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Internment - Research Paper Example

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War Time Internment The Japanese ancestries have made their home in America for more than 100years. They migrated to America politics and economics in their homeland. The Japanese Americans had a tightly knit, self sufficient community within a society filled with anti Asian…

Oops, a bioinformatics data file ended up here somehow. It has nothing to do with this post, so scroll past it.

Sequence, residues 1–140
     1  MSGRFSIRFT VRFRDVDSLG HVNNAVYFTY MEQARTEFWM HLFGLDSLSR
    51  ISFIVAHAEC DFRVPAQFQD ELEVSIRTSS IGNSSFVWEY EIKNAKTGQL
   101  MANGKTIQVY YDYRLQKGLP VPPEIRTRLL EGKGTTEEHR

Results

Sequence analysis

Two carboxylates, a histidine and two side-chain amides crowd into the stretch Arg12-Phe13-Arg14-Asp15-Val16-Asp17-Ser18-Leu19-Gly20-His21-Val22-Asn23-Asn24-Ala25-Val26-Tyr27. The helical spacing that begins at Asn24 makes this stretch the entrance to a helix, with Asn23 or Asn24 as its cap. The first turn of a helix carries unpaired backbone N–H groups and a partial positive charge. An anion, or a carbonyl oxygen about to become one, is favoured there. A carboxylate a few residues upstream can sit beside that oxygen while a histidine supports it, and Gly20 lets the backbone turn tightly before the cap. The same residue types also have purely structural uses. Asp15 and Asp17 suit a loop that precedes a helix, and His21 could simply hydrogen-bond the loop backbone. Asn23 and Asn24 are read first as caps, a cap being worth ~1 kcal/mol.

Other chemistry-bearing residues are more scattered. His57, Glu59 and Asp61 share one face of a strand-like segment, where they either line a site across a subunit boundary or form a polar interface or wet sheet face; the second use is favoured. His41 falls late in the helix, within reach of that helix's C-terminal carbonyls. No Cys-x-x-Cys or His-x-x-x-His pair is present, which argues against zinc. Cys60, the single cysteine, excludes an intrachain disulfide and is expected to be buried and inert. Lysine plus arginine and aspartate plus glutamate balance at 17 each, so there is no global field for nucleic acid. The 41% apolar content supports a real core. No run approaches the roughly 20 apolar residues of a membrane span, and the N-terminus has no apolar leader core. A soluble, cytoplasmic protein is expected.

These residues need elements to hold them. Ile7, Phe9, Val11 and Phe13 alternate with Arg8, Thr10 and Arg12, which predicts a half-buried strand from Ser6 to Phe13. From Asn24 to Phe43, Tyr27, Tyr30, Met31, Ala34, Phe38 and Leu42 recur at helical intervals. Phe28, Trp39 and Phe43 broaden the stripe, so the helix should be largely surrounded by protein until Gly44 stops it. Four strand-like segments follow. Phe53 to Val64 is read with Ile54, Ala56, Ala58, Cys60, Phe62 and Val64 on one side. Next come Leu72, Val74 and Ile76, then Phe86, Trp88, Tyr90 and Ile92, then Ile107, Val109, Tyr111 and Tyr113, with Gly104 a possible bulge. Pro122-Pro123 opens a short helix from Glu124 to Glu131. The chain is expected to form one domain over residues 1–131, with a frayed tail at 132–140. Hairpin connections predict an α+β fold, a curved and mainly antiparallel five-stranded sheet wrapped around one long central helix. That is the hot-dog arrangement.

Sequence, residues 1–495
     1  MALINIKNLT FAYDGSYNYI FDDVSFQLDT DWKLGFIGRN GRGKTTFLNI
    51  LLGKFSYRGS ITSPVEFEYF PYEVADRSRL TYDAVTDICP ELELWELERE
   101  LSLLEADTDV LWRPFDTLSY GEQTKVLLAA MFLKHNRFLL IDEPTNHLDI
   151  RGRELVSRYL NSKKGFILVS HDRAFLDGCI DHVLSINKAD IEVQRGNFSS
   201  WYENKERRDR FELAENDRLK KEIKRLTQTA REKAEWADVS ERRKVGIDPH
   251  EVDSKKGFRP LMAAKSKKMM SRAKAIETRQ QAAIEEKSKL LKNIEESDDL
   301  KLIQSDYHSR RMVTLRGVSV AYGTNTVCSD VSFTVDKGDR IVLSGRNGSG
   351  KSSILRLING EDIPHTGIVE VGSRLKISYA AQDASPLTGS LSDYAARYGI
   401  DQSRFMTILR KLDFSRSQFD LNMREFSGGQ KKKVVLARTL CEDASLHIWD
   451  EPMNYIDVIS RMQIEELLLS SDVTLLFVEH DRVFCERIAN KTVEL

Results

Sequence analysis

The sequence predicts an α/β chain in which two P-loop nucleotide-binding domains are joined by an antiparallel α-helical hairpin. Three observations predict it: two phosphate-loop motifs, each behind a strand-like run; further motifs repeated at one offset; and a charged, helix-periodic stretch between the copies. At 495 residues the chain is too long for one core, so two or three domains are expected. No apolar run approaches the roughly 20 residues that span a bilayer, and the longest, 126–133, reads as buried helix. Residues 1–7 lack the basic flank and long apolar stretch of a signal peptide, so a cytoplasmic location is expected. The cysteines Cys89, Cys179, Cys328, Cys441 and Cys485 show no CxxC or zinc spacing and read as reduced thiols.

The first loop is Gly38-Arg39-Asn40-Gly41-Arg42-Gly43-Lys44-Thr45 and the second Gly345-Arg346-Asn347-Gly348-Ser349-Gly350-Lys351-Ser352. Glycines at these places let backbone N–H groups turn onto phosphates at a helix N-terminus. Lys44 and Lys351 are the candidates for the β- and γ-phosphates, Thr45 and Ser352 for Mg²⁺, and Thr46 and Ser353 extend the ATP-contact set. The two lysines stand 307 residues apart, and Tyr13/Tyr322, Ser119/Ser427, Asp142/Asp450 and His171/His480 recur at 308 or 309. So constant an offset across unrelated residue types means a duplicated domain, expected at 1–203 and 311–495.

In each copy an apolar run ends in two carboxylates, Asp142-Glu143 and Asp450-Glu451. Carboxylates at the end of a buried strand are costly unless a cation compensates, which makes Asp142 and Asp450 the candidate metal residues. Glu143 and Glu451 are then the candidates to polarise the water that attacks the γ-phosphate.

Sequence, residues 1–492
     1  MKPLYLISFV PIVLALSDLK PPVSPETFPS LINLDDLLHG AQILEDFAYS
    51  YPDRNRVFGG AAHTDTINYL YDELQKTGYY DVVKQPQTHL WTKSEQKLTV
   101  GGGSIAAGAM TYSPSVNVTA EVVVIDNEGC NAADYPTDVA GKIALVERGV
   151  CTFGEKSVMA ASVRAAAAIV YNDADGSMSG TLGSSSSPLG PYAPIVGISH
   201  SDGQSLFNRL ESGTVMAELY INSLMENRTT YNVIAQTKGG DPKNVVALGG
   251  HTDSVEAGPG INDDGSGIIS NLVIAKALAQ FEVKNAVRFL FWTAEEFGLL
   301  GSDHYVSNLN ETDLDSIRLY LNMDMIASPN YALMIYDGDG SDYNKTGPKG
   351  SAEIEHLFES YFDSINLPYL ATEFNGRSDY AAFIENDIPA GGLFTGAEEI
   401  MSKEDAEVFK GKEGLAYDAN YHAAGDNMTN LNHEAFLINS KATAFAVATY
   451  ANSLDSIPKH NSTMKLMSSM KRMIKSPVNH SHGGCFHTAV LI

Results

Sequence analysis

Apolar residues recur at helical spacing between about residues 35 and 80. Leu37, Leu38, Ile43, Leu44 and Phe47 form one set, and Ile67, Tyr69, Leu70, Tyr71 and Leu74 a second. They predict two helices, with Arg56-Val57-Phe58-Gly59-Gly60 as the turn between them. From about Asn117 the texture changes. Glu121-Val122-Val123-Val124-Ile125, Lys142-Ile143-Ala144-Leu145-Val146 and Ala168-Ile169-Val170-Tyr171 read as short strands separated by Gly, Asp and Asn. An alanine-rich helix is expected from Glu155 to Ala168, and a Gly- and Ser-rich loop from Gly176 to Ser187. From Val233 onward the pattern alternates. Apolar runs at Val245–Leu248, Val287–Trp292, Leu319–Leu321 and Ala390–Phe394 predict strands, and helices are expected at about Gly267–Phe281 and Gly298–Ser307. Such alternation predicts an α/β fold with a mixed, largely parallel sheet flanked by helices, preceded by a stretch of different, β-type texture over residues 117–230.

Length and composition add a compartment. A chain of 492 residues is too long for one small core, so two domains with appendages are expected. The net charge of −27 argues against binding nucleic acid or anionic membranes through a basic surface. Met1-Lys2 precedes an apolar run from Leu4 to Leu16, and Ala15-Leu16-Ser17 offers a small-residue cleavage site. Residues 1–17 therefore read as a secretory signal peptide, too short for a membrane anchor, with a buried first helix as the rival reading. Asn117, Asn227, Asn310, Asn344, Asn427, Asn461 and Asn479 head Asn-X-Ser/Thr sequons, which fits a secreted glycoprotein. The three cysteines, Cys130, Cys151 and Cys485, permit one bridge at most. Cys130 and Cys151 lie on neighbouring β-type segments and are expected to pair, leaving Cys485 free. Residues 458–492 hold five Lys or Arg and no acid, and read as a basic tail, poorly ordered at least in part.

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Download file to see previous pages... Cause of the Internment The provocation for the Americans to enter into a war was brought about by Japan which by then had joined the Rome-Berlin-Tokyo Axis in September 1940 by signing the tripartite pact. The United States got alarmed when Japan anticipated building an East Asian empire. The United Sates responded to the invasion of the Japanese forces into French Indochina by adding items to a lengthy list of embargoed Japanese goods and eventually the US froze all its’ trades with the Japan. In 1941 the US intelligence sent out warnings to commanders of U.S bases in the pacific when he become aware of Japanese plans to attack. The American officials did not think the threat was significant but they were proven wrong on December 7th 1941 when the Japanese planes bombed the U.S. base at Pearl Harbor in an attempt to destroy American sea power in the pacific. During this time the Japanese destroyed nearly 200 aircraft, eight battleships, three cruisers and almost 2,400 Americans died. On December 8th, the senate voted in favor of Franklin Roosevelt’s request for a declaration of war on Japan. Italy and Germany joined with Japan on 11th December on declaring war to the U.S., this led the U.S. into world war two (Inada, Society, pxi). Japanese American Internment The Japanese American internment occurred in the year 1942 and ended in the year 1945. Japanese war time internment refers to a forcible relocation and internment by the United States government in 1942, where around 110,000 Japanese nationals and Japanese Americans who lived along the pacific coast of the United States to housing facilities that were called war relocation camps (these camps were 10 and they were situated in seven states) at the wake of imperial Japan’s attack on Pearl Harbor, Hawaii on 7th December 1941 (Burgan, p10). The Japanese Americans internment was applied unequally through out the United States. Franklin Roosevelt endorsed the internment using an Executive order 9066 to the military that was signed on February 19th 1942 using his authority as commander-in-chief to exercise war powers. The order gave the military the right to relocate United States citizens who were thought to be potential enemies of the state. Many Japanese ancestries lost their homes, businesses and all their worldly possessions during the internment. The Japanese American who were also known as the Nikkei community was made up of several various distinct groups who included; the Issei, Nisei, Sansei and Kibei, the Issei were the first generation and immigrants living in the US and they were considered to be more dangerous because they were spies for Japan and still closely tied to their mother country. The Nisei were the second generation and these were people who were born in the United States to people of Japanese ancestry from the Japan. The Sansei were the third generation and these were people who were born by the Nisei and were most assimilated with the American culture. The Kibei were the U.S. citizens who were educated in the Japan. All the first three groups (Issei, Nisei and the Sansei) were interned. (Robinson, p4). Housing/the internment camps The Japanese families were housed in various camps around the U.S., the camps were enclosed with barbed wire, sentry post, armed guards and several towers. These camps had not much detailed planning as they were built quickly during the summer of 1942. The residences were long ...Download file to see next pagesRead More
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